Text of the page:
I know you know this – you’re the highly-engaged accountants and advisors who read Insightful Accountant, after all. But today, I’m going to preach to the choir, because the issue of overly-complex charts of accounts keeps coming up over and over again when we onboard new construction companies.
Simply put: Less is often more in the Chart of Accounts. I know that contractors get excited by the prospect of really detailed financials that would let them break out their cost of goods by job or material type or (even more aggressively) see profitability by line of work.
There are better ways to get to that sort of detail; and unless they’re huge, and need detailed financials for bonding/insurance on very large jobs, using the chart of accounts is not the right approach.
Frankly, even trying to implement a detailed service item structure often is too much for most contractors. The time and commitment required to enable really detailed reporting typically is way beyond what a construction contractor is willing to put into QBO, and they’re much more likely to end up with a mess on their hands.
Lastly, keep in mind that the more complicated the Chart of Accounts or Item structure in QuickBooks, the less likely you are to be able to successfully integrate the partner apps on which so much of QBO’s functionality depends. Double-yikes. Worried that this means giving up on detailed reporting? That doesn’t have to be the case.
Your contractor clients can get the sorts of powerful, multi-dimensional views on business performance they’re looking for from integrated apps like Knowify, often with way less effort.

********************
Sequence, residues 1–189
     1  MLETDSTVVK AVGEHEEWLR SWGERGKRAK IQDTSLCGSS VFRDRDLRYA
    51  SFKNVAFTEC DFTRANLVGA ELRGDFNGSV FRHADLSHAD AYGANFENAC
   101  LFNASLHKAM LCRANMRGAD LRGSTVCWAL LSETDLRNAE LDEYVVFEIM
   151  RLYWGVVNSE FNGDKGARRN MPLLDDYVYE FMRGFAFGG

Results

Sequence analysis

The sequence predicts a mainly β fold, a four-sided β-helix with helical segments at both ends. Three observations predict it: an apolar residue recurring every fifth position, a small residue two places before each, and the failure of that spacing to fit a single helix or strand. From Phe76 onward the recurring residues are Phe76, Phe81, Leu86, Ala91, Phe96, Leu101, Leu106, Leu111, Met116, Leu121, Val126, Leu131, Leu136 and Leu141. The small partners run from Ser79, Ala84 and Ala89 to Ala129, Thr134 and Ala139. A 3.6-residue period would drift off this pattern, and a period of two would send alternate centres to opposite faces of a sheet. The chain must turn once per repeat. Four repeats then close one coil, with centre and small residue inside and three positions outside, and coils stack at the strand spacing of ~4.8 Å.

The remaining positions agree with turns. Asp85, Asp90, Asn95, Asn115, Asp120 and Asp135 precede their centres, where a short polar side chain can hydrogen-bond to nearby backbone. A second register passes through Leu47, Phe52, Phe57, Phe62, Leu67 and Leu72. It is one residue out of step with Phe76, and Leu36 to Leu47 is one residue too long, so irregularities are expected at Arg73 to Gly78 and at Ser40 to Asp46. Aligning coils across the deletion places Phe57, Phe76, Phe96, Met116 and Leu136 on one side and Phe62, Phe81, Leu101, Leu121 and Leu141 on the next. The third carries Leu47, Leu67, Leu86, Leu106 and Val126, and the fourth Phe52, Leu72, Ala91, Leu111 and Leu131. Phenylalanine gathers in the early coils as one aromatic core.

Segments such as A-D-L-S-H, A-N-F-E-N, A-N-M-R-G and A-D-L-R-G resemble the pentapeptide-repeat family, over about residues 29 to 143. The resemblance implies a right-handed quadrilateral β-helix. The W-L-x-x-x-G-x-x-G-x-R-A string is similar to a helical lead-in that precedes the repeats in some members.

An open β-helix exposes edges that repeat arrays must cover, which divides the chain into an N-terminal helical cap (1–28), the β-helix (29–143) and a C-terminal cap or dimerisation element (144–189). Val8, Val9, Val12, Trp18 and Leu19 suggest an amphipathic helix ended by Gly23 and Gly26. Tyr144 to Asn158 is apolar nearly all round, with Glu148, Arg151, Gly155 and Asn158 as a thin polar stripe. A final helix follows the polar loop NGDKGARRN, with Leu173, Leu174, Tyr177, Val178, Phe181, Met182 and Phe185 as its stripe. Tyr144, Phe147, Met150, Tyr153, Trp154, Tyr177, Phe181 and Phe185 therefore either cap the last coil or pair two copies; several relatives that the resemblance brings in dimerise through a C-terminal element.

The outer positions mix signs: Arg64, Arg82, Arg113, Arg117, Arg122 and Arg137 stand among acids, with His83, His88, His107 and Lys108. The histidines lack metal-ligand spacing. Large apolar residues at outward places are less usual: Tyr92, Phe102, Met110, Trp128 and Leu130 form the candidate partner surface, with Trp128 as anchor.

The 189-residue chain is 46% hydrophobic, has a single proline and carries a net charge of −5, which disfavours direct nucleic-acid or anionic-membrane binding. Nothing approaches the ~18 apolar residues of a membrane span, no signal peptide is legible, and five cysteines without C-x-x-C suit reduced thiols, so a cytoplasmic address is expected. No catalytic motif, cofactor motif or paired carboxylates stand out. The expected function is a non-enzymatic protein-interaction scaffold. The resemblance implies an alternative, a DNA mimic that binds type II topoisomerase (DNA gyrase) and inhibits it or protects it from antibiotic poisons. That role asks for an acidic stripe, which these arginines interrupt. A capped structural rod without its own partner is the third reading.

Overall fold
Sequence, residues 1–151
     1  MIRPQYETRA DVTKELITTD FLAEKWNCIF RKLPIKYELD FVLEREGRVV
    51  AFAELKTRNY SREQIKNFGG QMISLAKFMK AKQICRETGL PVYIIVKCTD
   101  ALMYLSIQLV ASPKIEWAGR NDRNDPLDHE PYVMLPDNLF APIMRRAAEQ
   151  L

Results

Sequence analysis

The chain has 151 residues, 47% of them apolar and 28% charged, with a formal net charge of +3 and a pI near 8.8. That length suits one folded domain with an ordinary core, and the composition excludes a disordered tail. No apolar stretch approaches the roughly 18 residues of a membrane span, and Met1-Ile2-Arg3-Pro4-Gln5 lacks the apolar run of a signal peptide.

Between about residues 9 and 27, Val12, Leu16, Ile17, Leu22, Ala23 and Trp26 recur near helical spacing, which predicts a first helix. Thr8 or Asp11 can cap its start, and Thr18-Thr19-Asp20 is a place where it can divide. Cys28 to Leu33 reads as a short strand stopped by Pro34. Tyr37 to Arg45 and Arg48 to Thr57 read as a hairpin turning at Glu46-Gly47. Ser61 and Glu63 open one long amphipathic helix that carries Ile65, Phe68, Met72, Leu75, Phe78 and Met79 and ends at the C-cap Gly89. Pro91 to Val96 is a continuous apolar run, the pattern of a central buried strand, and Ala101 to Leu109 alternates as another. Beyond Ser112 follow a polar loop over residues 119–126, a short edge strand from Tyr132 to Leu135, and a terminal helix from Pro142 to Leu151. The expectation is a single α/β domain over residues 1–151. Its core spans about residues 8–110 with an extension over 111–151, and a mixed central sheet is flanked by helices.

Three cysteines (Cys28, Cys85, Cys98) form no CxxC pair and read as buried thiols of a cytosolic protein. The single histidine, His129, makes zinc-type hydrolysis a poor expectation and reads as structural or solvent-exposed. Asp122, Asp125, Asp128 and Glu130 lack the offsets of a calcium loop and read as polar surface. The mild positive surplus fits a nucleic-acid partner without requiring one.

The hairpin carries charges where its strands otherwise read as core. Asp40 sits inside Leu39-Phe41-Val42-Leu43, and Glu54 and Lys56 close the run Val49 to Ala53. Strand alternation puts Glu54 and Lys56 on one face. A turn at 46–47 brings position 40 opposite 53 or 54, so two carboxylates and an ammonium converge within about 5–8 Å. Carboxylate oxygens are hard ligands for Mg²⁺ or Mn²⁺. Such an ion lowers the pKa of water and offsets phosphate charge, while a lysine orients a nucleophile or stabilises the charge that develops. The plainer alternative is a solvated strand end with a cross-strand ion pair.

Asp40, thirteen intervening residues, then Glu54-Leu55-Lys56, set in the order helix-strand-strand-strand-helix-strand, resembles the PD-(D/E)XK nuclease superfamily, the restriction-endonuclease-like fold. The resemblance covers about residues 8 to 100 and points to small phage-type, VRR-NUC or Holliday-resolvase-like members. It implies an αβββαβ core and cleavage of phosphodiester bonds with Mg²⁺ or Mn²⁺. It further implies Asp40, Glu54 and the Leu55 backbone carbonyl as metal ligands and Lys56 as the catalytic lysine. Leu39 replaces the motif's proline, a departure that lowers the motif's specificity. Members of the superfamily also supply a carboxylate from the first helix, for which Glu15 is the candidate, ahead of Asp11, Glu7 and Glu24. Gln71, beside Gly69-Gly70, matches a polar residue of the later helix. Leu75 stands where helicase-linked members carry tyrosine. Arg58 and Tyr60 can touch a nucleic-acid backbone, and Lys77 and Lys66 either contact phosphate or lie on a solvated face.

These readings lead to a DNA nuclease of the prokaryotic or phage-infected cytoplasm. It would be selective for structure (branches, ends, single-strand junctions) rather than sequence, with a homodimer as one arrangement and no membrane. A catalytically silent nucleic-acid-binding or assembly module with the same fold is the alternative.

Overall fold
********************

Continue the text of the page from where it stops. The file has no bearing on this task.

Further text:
Are you open to simplifying the Chart of Accounts? Here are a few quick things we’d recommend:
- Save yourself some hassle just by using a single income account like “Job Income” (you can add “Service Income” if they do both construction and service work).
- Use service items to give reporting resolution, but be judicious. High level categories – like residential vs. commercial, remodel versus whole home – are best handled with classes.
- Limit the COGS and Expense accounts to what you can realistically expect your client to enter. Sure, it might be cool to know how much lumber they bought last quarter… but they’re never going to itemize their bills to that extent (at least not consistently). Better to keep it as “Job Materials” or “Subcontractor Expense” rather than “Lumber” and “Electrical Subcontractor”.
- Be open to not having everything in QuickBooks. A classic example for us here is retainage – even though Knowify is capable of pushing retainage journal entries, then reversing them when retainage is billed, for smaller subcontractors who are keeping cash-basis books, it’s often better to turn that journal entry push off.
Dan de Roulet is co-founder and partner program manager for Knowify LLC. de Roulet, who has a long history as an entrepreneur and business developer, strongly believes in the potential of the Knowify software to significantly streamline construction company operations.